Fr Matthew's diary format makes the book very readable. There are some touching descriptions of pupils arriving for early Mass before school, taking part in quiet adoration before the Blessed Sacrament, or enthusiastically becoming altar servers and proud to wear their new robes.  But there are also strange paradoxes: a boy who is a loyal altar-server at school but doesn't go to Mass on Sundays - either because of family pressures or because the nearest parish seems dreary and unattractive...

This is a book that will open up many aspects of modern British school life to the reader, and is much recommended.

Wednesday, November 08, 2017

...and again, a good crowd...

...for the Evening of Faith, the first of a new series of talks, organised by the FAITH Movement, and held at  the Challoner Room, 24 Golden Square in the heart of London's Piccadilly (nearest tube: Piccadilly Circus). Fr Chris Findlay-Wilson spoke superbly on "Jesus - my way to the Father", a well-presented and beautifully illustrated talk which found an interested audience. These Evenings draw people from across London, all ages though mostly young, and offer an opportunity to tackle issues that do not crop up in Sunday homilies...in this case, the absolute centrality of Christ, who is not "just another teacher" or "a figure from history full of wisdom" or whatever other fashionable cliche is used about him, but is indeed God incarnate.

Interesting to have this explored with specific reference to the human body. God wants to draw us to him. We are made to hear, see, and touch - we have bodies, and Christ had a body, inviting Thomas to place his hand in his wounds...we are made in the image and likeness of God, and Christ had a body just as we do. The claims Christ  made, His statements in response to the questioning of His disciples, make it clear: to see Him was to see the Father. He and the Father are one. No other religion makes this claim: that God Himself came to join in the human race, the human race that He himself had brought into existence...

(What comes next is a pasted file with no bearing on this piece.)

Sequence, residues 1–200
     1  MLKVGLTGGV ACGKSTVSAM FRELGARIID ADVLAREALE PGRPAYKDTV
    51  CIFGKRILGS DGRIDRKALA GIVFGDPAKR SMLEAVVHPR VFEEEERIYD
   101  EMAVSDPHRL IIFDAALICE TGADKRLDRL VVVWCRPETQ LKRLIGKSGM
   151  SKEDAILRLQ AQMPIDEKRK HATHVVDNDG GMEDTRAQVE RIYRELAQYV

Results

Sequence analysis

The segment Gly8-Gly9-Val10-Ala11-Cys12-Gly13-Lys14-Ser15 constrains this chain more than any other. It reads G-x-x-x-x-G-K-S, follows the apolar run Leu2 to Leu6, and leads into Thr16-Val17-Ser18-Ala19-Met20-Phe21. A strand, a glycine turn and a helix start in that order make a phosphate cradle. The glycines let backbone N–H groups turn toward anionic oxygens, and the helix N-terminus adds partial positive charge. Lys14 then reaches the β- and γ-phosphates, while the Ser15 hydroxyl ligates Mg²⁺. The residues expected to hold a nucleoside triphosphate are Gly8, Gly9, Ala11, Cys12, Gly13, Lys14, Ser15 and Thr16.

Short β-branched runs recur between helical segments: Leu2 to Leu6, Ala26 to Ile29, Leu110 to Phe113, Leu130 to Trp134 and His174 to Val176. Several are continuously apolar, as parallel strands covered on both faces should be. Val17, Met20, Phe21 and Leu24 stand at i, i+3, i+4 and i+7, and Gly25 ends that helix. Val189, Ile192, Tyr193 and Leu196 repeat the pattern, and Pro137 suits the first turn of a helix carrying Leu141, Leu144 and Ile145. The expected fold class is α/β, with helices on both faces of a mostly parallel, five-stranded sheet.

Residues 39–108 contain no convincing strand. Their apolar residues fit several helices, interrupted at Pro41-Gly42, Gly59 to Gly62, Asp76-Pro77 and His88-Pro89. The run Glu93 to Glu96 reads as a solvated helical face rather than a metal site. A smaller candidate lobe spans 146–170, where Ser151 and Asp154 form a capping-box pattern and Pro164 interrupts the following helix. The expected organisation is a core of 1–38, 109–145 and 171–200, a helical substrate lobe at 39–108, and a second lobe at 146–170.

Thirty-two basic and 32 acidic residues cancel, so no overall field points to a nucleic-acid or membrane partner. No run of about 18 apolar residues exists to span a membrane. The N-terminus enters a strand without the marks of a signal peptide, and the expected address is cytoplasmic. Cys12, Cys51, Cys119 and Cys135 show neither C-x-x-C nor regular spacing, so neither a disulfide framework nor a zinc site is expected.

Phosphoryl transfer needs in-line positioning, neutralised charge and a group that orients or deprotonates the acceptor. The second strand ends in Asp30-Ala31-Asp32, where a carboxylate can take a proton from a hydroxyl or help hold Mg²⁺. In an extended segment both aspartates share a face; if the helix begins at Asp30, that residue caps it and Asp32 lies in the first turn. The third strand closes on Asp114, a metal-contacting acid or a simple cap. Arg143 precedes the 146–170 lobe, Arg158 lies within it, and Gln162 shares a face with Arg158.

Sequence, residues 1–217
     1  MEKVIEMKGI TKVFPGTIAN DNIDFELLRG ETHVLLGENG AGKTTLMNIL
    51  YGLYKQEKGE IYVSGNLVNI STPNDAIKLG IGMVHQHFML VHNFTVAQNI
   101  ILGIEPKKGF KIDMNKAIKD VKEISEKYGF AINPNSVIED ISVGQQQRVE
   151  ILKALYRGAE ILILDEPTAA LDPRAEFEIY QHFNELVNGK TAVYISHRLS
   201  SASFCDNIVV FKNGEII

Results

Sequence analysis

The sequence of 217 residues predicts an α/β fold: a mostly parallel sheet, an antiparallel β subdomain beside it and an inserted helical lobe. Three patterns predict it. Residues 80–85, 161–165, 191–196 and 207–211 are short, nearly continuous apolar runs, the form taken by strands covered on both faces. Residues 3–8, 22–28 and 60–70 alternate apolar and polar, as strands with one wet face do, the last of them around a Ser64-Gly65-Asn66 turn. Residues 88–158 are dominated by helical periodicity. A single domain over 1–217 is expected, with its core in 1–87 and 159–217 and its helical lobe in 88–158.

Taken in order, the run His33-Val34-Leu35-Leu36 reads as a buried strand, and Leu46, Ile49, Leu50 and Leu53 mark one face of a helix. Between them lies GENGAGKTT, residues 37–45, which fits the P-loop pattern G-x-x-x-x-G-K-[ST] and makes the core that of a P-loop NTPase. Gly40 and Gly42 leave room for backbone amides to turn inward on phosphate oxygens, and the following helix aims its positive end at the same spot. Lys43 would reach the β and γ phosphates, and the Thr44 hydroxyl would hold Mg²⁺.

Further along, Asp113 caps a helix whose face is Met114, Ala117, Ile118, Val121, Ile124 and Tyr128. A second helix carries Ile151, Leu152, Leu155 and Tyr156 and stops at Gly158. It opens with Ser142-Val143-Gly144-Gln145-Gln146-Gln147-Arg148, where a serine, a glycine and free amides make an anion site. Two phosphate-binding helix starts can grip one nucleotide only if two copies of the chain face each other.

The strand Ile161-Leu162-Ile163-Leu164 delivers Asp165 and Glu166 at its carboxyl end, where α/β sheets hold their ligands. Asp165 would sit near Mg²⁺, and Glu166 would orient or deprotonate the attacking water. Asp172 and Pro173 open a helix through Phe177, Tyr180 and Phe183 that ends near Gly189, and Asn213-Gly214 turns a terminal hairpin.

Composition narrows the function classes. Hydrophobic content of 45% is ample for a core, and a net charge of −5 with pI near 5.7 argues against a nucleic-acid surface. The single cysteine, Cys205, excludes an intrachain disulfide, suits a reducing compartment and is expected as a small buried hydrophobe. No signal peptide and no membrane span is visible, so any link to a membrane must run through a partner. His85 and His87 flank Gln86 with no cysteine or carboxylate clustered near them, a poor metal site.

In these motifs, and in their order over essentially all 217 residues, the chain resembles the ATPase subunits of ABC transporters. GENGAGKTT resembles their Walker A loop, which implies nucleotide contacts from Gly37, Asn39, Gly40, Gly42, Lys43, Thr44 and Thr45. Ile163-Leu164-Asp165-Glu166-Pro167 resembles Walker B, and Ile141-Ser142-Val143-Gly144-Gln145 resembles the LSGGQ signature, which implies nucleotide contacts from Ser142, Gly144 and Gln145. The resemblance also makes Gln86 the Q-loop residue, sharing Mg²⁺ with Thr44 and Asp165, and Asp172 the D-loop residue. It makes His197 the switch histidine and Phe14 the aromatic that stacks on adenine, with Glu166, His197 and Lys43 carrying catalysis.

On a cold night...

...in rural Sussex, I didn't really expect that many people would turn out to hear Auntie Joanna speak on "The Church's traditional feasts and seasons".  But they did - the hall was full, and there was a great atmosphere: this parish, under the care of Fr Ian Vane, is evidently a wonderful community and there was a buzz of cheerful talk, many willing hands to brew and serve lots of tea, and a general enthusiasm for the topic with much interest being shown, and lots of copies of my book being sold etc...


Monday, November 06, 2017

Our Parliament...

...of which we are rightly proud, is surrounded with a blur of cynicism and sneering at the moment. When I lead History walks around London, we finish at the Houses of Parliament and reflect on our heritage, our constitution and what it means to live under the rule of law...

This piece by Michael Burleigh is a thoughtful read...